With chicken, the main differences are free-range or not or fed well or not. The cheaper chicken in stores is produced by truly vile companies. When one has little money, it is hard to avoid them.

If you can find it at a good price, other meats such as duck, goose, and buffalo are great.

For ground meats, I tend to stick with chicken or turkey. They are typically cheaper than beef. Both are excellent substitutes for ground beef which I buy once in a while, but I tend to buy ground meats with no more than 3% fat and never more than 6% fat.

Sugar is death

A cardiologist told me that the worst thing for your heart health is sugar. Of course, that includes simple carbs found in white bread, most types of noodles, and processed things that I hesitate to call food. Examples are many breakfast cereal types, cheesy noodle mixes, hamburger helper, etc. They also have too much unhealthy fat and way too much salt. There are types of these that are less worse, but it takes a bit of comparison shopping.

He said sugar causes an inflammation response which promotes blockages in arteries. Too much sugar also brings a laundry list of serious health problems like obesity and diabetes.

This is terrible news for me because, like most people, sugar lights up my brain. Moderation in all things but especially sugar.

Healthy carbs

This leads to carbs, an essential nutrient. Avoid simple carbs and use only healthy complex carbs. This is difficult for me as I am addicted to white bread. I try to avoid it as much as possible.

Avoid or at least reduce soda. Drink sodas with real sugar instead of high-fructose corn syrup. They are both bad, but one is much worse.

Learn how to read nutrition labels. Make sure very little of the carb content are simple sugars. The more fiber and the less sugar listed, the better it will be.

Diets: fad, and otherwise

I am not an expert on diets, and I have never actually tried a formalized diet. I use the basics: to lose weight, make sure that calories in < calories out. It is not that easy, as simple carbs and other sugars can be stored directly as fat.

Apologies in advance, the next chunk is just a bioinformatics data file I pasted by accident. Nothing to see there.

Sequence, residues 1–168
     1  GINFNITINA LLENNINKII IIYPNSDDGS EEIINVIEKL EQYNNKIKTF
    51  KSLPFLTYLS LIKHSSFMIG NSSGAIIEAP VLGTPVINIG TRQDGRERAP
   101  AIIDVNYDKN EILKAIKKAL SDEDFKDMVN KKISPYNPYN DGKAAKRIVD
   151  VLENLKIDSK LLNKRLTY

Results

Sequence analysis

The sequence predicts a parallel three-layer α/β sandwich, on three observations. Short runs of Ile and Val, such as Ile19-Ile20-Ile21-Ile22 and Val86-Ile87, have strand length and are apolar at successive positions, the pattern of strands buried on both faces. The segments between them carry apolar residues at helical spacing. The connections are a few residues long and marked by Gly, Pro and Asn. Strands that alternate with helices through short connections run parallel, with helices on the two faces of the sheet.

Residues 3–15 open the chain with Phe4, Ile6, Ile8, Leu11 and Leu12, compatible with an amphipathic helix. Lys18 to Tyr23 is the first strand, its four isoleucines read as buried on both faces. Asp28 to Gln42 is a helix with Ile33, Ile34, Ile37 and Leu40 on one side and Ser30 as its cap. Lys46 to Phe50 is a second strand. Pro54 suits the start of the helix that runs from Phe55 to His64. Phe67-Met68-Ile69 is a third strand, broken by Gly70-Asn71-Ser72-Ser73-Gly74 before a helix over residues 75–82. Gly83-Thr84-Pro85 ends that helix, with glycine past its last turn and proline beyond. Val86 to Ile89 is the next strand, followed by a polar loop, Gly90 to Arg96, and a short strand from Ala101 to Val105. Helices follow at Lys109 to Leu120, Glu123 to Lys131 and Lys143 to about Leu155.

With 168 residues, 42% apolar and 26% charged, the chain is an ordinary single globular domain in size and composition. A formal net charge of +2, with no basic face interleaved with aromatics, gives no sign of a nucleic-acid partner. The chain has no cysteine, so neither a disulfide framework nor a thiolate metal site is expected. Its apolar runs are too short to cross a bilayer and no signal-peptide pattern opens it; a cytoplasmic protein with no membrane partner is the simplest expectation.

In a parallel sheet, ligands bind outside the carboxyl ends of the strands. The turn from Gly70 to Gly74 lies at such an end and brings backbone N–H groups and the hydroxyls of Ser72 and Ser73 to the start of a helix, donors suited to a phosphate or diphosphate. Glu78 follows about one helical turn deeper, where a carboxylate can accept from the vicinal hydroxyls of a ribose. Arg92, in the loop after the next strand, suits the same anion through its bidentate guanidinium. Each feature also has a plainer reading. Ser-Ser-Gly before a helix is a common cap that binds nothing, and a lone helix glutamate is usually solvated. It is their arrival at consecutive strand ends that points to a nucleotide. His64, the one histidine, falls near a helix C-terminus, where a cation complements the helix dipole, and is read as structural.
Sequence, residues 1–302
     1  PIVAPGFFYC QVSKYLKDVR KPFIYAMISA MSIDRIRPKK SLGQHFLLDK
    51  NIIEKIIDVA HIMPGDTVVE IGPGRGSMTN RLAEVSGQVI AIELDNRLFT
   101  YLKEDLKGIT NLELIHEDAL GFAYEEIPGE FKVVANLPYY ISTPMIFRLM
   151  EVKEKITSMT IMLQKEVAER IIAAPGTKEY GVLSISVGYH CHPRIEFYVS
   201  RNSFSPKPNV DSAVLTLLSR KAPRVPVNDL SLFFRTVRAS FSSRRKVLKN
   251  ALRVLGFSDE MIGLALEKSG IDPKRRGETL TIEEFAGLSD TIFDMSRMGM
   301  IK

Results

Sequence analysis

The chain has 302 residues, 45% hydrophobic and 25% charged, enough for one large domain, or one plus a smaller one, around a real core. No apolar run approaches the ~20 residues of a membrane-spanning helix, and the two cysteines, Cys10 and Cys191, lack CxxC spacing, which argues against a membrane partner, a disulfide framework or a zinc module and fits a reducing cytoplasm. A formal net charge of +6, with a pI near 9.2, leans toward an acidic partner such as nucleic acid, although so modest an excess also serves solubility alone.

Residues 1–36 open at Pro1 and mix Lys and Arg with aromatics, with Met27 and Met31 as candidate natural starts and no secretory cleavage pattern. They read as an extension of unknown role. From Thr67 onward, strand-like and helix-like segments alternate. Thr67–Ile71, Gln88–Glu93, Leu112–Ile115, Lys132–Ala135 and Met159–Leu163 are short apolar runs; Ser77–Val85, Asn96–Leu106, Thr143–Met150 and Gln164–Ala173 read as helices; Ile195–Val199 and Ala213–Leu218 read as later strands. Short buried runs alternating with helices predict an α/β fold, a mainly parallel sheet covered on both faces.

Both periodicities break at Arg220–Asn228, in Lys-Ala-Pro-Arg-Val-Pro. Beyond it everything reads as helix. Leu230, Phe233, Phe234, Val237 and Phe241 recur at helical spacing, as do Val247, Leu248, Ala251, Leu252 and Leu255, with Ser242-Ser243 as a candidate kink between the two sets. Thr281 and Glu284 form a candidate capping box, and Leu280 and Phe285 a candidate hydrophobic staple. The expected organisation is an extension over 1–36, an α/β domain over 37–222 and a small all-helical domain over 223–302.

Keto and other low-carb diets seem tempting, but I really like carbs, sadly even simple carbs. When I don’t eat enough carbs, I can feel it, and it is difficult to be active that day.

The biggest issue I have noticed with these diets is that they get misinterpreted. People will gorge on extremely unhealthy food like bacon.

Losing weight and having to get stents or bypasses instead isn’t a great tradeoff.

From what I have seen, the keto diet works well when applied intelligently.

A brother-in-law went on this diet and shed more than a fair amount of weight. He went through some program that would deliver the food for him to prepare.

It was a very expensive program, but it helped keep him in line. That is not possible for the target audience of this essay, but it shows it can work and can be done on your own and have it work well. It would take a fair amount of self-control which is the most important skill to learn to keep weight off.

Do some research, and now is a great time to get outside and exercise.

Counting calories is a drag, I have started to do that and bought a kitchen scale to help out. The goal for this is to stop counting calories in a month or two. Once I get a feel for how many calories I need, I will stop.

What I am doing is on lazy days eat 1000-1400 calories. On days that I am more active, I might eat up to 2000, but never more than that, even on cheat days.

I would like to lose a minimum of 10 pounds (4.5kg) and up to 25 pounds (11.3kg) which would be my weight when I got out of the Army.